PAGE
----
World Championships, Day 1 Semifinals: Angelina Kohler Jumps Into All-Time Top-10 in 100 Butterfly

Angelina Kohler of Germany celebrates after compete in the 100m Butterfly Women Semifinals during the FINA Swimming Short Course World Championships at the Melbourne Sports and Aquatic Centre in Melbourne, Australia, December 17th, 2022. Photo Giorgio Scala / Deepbluemedia / Insidefoto
Angelina Kohler -- Photo Courtesy: Giorgio Scala / Deepbluemedia / Insidefoto

World Championships, Day 1 Semifinals: Angelina Kohler Jumps Into All-Time Top-10 in 100 Butterfly

The first evening session of the World Championships in Doha featured semifinal action in four races, with spots in the top-eight at stake in the women’s 100 butterfly, men’s 50 butterfly, men’s 100 breaststroke and women’s 200 IM.

In the first of those semis, Germany’s Angelina Kohler jumped on top of the women’s 100 fly as she entered the all-time top-10 rankings in the event while announcing herself as a true Olympic-medal contender at the upcoming Paris Olympics. Meanwhile, American Michael Andrew made his return to the global stage with a top-seeded result in the men’s 50 fly.

Women’s 100 butterfly

Germany’s Angelina Kohler has made a statement through two rounds of the women’s 100 fly at the Doha World Championships. The 23-year-old had never broken 57 before she went 56.41 to lead the way in prelims, and in the second semifinal, Kohler pulled away from the United States’ Claire Curzan to set herself up as the No. 1 qualifier for the final by almost a second.

And in the process, Kohler did more than give herself a shot at gold at a World Championships missing the usual medal threats in this event, including 2023 world champion Zhang Yufei, 2022 world champion Torri Huske and 2021 Olympic champion Maggie Mac Neil. Kohler has improved her standing in the event to ninth all-time, and her semis time was one hundredth quicker than Zhang’s gold-medal-winning time from a full-strength Worlds last July. Kohler is sending a signal to her rivals that she will be ready to go at this summer’s Paris Olympics.

Curzan faded down the stretch of her semifinal heat but posted a good enough time for the second seed at 57.06. Australia’s Brianna Throssell won the second semifinal in 57.22, touching out Sweden’s Louise Hansson (57.28). Expect the medals to come from those top four qualifiers, who are more than a half-second clear of anyone else. The second Australian, Alexandria Perkins, was the last qualifier at 58.05.

Men’s 50 butterfly

The United States’ Michael Andrew did not qualify for the 2023 World Championships, missing out despite his 50 fly win at U.S. Nationals. Now, Andrew is looking to re-establish himself internationally in Doha before he aims for a spot on his second Olympic team. He won three individual medals at the 2022 Worlds, all in 50-meter races, and now he will be in pole position for his first long course world title after topping all qualifiers in the 50 fly semis.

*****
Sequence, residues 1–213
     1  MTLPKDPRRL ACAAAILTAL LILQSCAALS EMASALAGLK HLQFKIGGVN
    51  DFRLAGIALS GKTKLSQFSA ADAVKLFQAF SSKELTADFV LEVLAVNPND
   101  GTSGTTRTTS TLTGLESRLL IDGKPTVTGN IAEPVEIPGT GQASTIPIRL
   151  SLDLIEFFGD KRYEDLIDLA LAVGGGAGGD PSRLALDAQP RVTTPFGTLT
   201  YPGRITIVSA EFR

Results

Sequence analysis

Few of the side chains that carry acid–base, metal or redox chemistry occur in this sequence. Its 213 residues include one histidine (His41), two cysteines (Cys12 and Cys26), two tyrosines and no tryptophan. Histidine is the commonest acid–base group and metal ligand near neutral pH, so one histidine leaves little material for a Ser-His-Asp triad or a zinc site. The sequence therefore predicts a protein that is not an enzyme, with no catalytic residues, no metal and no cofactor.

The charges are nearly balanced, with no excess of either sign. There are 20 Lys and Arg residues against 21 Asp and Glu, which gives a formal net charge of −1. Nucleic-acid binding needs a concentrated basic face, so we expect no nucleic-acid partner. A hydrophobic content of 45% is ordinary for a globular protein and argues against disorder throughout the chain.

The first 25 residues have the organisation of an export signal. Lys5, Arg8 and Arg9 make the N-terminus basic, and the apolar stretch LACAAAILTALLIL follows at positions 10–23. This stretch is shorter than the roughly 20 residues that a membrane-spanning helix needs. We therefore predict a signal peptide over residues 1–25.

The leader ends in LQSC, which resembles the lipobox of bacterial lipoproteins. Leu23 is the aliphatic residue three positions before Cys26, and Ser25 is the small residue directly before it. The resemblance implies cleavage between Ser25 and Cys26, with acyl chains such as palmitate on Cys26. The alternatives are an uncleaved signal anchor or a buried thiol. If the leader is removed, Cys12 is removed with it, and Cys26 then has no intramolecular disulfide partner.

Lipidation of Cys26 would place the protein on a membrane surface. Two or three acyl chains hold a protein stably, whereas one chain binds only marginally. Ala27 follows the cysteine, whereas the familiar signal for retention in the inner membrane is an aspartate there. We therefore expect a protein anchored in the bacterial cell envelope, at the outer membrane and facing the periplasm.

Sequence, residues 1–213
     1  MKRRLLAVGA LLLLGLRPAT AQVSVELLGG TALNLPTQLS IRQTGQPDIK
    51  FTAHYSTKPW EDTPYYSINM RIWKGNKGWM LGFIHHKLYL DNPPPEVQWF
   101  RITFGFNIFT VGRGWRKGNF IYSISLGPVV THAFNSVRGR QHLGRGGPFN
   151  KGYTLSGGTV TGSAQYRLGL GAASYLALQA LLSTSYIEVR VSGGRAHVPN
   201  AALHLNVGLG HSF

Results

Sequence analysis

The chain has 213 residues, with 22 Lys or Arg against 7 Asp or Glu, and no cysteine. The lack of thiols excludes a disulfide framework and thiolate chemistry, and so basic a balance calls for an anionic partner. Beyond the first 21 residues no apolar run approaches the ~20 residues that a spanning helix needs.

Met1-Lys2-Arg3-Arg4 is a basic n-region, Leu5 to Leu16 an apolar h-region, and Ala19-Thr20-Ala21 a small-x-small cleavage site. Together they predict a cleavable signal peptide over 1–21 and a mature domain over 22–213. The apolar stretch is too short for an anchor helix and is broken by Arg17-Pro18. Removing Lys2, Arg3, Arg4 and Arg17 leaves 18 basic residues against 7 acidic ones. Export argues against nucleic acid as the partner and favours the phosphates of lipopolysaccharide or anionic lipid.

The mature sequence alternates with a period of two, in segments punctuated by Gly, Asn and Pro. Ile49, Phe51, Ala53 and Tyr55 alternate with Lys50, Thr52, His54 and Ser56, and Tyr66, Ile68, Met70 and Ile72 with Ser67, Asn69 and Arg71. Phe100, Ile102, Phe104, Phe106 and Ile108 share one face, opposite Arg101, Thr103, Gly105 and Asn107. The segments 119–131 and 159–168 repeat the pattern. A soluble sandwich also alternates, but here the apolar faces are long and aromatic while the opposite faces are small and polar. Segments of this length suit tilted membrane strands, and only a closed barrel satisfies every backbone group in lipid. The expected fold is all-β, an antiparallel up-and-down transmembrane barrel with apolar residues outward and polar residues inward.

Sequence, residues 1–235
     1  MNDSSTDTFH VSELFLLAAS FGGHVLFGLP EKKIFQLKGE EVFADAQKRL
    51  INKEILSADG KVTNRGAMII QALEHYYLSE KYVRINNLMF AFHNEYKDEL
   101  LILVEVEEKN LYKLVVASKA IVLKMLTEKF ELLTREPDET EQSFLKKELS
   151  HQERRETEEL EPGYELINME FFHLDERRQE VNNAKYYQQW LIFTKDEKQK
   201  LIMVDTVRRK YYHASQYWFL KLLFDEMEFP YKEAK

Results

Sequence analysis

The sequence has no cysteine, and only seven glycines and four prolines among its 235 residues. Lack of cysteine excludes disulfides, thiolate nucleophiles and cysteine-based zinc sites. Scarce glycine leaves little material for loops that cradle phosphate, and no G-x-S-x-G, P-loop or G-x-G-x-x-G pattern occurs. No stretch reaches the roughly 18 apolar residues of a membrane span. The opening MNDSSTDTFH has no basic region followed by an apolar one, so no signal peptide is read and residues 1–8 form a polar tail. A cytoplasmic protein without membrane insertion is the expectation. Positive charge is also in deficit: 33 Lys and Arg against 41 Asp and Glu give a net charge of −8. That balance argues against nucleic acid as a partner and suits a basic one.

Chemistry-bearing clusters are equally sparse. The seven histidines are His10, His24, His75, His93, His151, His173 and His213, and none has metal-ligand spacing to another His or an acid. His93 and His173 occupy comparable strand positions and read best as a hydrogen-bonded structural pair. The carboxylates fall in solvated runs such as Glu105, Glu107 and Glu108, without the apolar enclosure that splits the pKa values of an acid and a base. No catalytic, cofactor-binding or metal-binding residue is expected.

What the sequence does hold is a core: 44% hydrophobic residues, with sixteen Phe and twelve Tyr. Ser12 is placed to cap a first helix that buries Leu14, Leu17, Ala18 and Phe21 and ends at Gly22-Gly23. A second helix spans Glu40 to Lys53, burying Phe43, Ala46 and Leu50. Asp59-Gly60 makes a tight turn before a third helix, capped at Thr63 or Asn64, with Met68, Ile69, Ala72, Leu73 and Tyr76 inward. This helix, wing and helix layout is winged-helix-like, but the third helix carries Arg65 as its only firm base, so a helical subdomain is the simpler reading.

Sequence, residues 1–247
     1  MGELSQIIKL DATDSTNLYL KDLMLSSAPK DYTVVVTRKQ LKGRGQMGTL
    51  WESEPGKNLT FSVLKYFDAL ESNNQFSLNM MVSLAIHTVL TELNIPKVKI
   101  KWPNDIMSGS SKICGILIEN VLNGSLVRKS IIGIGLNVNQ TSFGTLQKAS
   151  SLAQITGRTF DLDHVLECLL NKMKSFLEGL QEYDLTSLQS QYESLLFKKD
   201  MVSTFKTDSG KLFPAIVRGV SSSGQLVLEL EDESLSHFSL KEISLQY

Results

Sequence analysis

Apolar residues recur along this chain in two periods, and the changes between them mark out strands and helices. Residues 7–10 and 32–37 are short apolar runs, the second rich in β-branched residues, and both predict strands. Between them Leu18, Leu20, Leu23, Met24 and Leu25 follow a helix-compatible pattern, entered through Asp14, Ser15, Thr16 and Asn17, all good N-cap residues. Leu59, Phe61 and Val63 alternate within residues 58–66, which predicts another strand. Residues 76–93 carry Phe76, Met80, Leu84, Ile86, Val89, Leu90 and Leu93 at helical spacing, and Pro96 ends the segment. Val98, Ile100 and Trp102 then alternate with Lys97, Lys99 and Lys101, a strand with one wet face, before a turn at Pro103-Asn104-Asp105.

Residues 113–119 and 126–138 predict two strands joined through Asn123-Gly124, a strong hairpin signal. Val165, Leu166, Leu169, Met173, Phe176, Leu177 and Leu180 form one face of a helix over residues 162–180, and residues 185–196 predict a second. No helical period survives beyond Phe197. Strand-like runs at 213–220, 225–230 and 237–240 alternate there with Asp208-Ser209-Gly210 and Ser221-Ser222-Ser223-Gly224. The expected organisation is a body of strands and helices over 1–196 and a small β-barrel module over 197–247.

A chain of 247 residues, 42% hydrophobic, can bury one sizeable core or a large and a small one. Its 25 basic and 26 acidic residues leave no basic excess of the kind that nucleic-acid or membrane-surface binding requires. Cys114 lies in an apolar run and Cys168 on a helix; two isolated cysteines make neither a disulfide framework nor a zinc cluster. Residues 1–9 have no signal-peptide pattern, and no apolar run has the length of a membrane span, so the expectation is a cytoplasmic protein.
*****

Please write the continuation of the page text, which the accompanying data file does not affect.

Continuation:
Andrew puled away from Dylan Carter in the first semifinal heat to win in 22.94, two tenths clear of Carter’s 23.15. Carter, representing Trinidad and Tobago, was the silver medalist in the 50 fly at the 2021 Short Course World Championships and bronze medalist in 2018. Spain’s Mario Molla Yanes won the second semifinal heat in 23.17, good for third overall, while Portugal’s Diogo Matos Ribeiro and Australia’s Isaac Cooper finished tied for fourth in 23.18. Ribeiro is the only swimmer who won a medal at last year’s Worlds who is in the field.

An extremely tight final will also feature Australia’s Cameron McEvoy, the United States’ Shaine Casas and South Korea’s Baek Inchul, while the Netherlands’ Nyls Korstanje and Canada’s Finlay Knox each finished in 23.25, one hundredth away from eighth place.

Men’s 100 breaststroke

Adam Peaty secured a middle lane for the final and, perhaps more vitally, what looks like a return to form. The double Olympic gold medalist led prelims in 58.60 seconds. It’s his second-best time since the Tokyo Olympics, having gone 58.58 at British nationals in 2022. He won the Olympics in 57.37.

He’ll have familiar faces around him in the final. American Nic Fink, who had led the way in prelims, was second in 58.73. Arno Kamminga of the Netherlands was third in 58.87, followed by Italy’s Nicolo Martinenghi in 59.13. (Kamminga won silver and Martinenghi bronze behind Peaty in Tokyo.)

Caspar Corbeau made it two Dutchman in the final. Sam Williamson represents the Aussies. Lucas Matzerath of Germany was fifth. Rounding out the final is Ilya Shymanovich, the Belarussian swimming under the flag of a neutral individual athlete. He edged American Jake Foster by .08 seconds.

Women’s 200 individual medley

Kate Douglass will be the top seed in the 200 IM final, and it looks like the American’s race to lose.

Doulgass won her semifinal heat of the 200 IM by nearly three seconds. The other semifinal was closer, so her time of 2:08.41 is just .35 seconds up on Sydney Pickrem and .42 ahead of Yu Yiting. But then it’s more than a second back to the nearest chaser.

That may well be the medal selection. It’s all that stands in the way of Douglass’s recent rampage. She’s got nine medals across the last two World Championships, including gold in this event last year. (Yu was third.)

Medal contenders will have to make up a gap to challenge any of those leading three. Yu clocked in at 2:08.83. Next was Israel’s Anastasia Gorbenko in 2:10.15. Charlotte Bonnet of France was .09 behind that.

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